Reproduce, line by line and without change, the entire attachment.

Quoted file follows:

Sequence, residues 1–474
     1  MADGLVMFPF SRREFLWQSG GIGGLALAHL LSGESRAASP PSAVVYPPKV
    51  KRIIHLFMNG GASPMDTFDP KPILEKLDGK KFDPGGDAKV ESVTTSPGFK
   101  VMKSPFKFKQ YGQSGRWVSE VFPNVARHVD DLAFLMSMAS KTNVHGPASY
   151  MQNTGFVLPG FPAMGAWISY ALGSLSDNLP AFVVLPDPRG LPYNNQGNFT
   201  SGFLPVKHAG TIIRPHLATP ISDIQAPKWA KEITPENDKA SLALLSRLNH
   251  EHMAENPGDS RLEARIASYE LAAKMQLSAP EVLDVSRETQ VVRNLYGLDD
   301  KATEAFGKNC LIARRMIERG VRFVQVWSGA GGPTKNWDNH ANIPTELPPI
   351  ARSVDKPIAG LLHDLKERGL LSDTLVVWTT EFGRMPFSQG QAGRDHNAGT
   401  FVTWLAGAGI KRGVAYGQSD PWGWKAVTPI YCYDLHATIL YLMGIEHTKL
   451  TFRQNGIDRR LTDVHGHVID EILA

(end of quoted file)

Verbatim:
Sequence, residues 1–474
     1  MADGLVMFPF SRREFLWQSG GIGGLALAHL LSGESRAASP PSAVVYPPKV
    51  KRIIHLFMNG GASPMDTFDP KPILEKLDGK KFDPGGDAKV ESVTTSPGFK
   101  VMKSPFKFKQ YGQSGRWVSE VFPNVARHVD DLAFLMSMAS KTNVHGPASY
   151  MQNTGFVLPG FPAMGAWISY ALGSLSDNLP AFVVLPDPRG LPYNNQGNFT
   201  SGFLPVKHAG TIIRPHLATP ISDIQAPKWA KEITPENDKA SLALLSRLNH
   251  EHMAENPGDS RLEARIASYE LAAKMQLSAP EVLDVSRETQ VVRNLYGLDD
   301  KATEAFGKNC LIARRMIERG VRFVQVWSGA GGPTKNWDNH ANIPTELPPI
   351  ARSVDKPIAG LLHDLKERGL LSDTLVVWTT EFGRMPFSQG QAGRDHNAGT
   401  FVTWLAGAGI KRGVAYGQSD PWGWKAVTPI YCYDLHATIL YLMGIEHTKL
   451  TFRQNGIDRR LTDVHGHVID EILA